Praise for the efficiency, infallibility, and complexity of computers is paradigmatic in contemporary society. Affirmation of the computer as the most powerful technological device known to man has led to its personalization. We think of computers not as machines that process information, but entities that can think better than us. We attribute the active voice to our computers, enforcing a perception of the computer as an agent that thinks, believes, and has moods. While this was once science fiction, the contemporary quest for artificial intelligence has been motivated by a mechanistic view of human beings, and a personalistic view of computers. This collapse between two kinds of being—human and machine—has led to the belief that humans are machines, just inferior in operation.

Even where these assumptions are not explicit, they still reflect a new set of anthropological claims regarding human nature and a new philosophy of knowledge. It is not uncommon to use the language of programming and deprogramming with regard to a person. We speak of our wires getting crossed, of having a switch get flipped, or having a light-bulb moment when coming to realizations. All of these terms suggest that at bottom humans are just complex mechanisms, systems that have evolved to perform various functions with more or less accuracy.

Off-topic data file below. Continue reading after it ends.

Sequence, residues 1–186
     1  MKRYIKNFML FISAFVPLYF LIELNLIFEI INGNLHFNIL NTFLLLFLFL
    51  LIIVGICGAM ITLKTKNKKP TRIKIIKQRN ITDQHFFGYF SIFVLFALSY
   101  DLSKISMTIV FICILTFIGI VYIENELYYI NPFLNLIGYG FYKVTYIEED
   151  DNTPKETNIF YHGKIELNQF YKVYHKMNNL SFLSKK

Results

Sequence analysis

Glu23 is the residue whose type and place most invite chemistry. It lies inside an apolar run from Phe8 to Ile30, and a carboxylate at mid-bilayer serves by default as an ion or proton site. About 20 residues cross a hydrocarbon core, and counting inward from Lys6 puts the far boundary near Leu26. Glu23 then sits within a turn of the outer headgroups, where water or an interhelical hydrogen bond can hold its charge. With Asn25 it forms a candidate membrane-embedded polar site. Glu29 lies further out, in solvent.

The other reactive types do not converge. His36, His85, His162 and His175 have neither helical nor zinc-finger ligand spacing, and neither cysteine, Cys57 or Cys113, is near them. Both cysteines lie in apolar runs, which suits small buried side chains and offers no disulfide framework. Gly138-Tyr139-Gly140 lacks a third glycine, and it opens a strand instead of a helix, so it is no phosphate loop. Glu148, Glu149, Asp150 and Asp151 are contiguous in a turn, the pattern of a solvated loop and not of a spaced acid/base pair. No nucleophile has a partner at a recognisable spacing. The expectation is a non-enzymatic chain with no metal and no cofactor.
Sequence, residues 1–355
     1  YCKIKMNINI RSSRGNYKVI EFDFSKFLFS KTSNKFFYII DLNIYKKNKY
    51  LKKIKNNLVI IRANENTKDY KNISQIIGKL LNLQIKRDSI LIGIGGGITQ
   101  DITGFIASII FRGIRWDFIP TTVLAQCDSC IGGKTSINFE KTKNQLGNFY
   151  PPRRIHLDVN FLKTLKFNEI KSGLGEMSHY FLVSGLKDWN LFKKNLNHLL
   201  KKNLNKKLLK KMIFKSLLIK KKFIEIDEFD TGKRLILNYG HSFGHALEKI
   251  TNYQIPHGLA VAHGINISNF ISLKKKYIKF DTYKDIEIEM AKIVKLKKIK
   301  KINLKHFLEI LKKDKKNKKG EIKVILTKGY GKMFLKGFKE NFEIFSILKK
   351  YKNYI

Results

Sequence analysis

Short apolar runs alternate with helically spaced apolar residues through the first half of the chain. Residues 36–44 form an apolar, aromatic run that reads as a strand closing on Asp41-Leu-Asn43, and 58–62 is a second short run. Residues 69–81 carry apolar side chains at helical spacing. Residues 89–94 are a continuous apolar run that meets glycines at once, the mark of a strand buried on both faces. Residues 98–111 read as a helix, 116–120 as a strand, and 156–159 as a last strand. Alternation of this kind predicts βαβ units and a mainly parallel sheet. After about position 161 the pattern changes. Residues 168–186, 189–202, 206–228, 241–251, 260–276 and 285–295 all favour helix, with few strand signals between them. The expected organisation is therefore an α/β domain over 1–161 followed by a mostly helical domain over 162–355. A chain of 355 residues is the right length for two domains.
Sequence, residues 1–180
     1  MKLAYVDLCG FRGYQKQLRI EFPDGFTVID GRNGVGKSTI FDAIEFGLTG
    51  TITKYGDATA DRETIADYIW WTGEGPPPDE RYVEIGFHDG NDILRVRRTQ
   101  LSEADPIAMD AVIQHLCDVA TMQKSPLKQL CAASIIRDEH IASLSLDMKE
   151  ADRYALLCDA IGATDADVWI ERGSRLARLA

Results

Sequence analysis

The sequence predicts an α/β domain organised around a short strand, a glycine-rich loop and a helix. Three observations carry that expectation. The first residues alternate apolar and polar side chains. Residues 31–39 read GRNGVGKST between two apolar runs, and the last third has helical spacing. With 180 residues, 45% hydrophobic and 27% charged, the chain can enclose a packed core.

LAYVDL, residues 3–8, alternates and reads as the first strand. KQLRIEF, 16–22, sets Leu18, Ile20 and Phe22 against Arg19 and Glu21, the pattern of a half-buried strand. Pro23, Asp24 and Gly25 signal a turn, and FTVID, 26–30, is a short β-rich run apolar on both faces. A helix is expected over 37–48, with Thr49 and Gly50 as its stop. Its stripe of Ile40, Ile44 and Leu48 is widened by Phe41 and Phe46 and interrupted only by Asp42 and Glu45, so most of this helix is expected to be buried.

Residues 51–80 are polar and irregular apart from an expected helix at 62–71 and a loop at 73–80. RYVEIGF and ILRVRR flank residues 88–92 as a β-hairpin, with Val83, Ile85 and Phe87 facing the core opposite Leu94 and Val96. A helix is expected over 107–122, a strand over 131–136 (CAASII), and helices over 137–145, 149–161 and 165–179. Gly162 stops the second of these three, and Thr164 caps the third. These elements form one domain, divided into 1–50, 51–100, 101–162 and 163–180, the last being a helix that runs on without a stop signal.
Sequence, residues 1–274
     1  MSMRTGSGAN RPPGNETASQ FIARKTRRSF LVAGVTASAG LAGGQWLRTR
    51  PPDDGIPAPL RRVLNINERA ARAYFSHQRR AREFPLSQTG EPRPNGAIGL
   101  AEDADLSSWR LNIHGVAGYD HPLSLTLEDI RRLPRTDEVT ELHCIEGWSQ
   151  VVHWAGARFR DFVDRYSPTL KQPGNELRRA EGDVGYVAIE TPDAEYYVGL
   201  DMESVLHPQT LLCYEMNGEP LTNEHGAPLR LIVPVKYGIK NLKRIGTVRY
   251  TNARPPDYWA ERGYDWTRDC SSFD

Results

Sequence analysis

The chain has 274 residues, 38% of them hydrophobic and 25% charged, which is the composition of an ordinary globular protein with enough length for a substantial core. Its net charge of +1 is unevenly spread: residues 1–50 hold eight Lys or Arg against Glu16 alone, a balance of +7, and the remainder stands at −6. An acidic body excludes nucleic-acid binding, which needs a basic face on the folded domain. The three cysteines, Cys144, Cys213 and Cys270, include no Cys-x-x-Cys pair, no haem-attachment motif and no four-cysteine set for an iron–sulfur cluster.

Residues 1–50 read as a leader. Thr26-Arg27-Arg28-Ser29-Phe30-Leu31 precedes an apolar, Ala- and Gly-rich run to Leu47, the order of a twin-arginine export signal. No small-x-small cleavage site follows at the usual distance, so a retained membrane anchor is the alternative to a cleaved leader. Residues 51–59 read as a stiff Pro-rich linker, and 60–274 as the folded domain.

Alongside this assumption is another: that computers contain knowledge and are the main authority to which users must defer. What computers possess, however, is not knowledge but information. Computers are tools, not agents. They do not know, they give data outputs. Computers are calculation devices which may be designed to act consciously, but in reality they just carry out complex functions. Though these seem to be obvious remarks when stated, they are not reflected in society. When it comes to our assumptions concerning knowledge, computers “know more” because they contain more. Knowledge has become a term synonymous with information. Because computers can contain and process information on a much larger scale than the average person, they seem to be more intelligent than people. But information acquisition is a questionable definition of intelligence and a foolhardy one for knowledge and wisdom.

6. In a technopoly, all traditions become trivial.

Technopoly operates for the sake of technological progress, with efficiency as its chief value. In its wake, all other authorities are displaced and left irrelevant. Its conquest was a bloodless revolution, resulting in a totalizing rule of technologies as their own ends. As the 20th century unfolded, the reduction of all other symbolic institutions to trivialities was assured by advertising.